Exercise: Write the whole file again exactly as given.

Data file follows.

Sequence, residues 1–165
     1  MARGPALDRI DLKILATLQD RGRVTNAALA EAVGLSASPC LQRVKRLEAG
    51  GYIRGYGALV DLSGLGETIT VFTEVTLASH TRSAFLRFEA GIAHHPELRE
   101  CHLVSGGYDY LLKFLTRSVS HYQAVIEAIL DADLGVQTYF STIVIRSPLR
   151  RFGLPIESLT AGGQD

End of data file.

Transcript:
Sequence, residues 1–165
     1  MARGPALDRI DLKILATLQD RGRVTNAALA EAVGLSASPC LQRVKRLEAG
    51  GYIRGYGALV DLSGLGETIT VFTEVTLASH TRSAFLRFEA GIAHHPELRE
   101  CHLVSGGYDY LLKFLTRSVS HYQAVIEAIL DADLGVQTYF STIVIRSPLR
   151  RFGLPIESLT AGGQD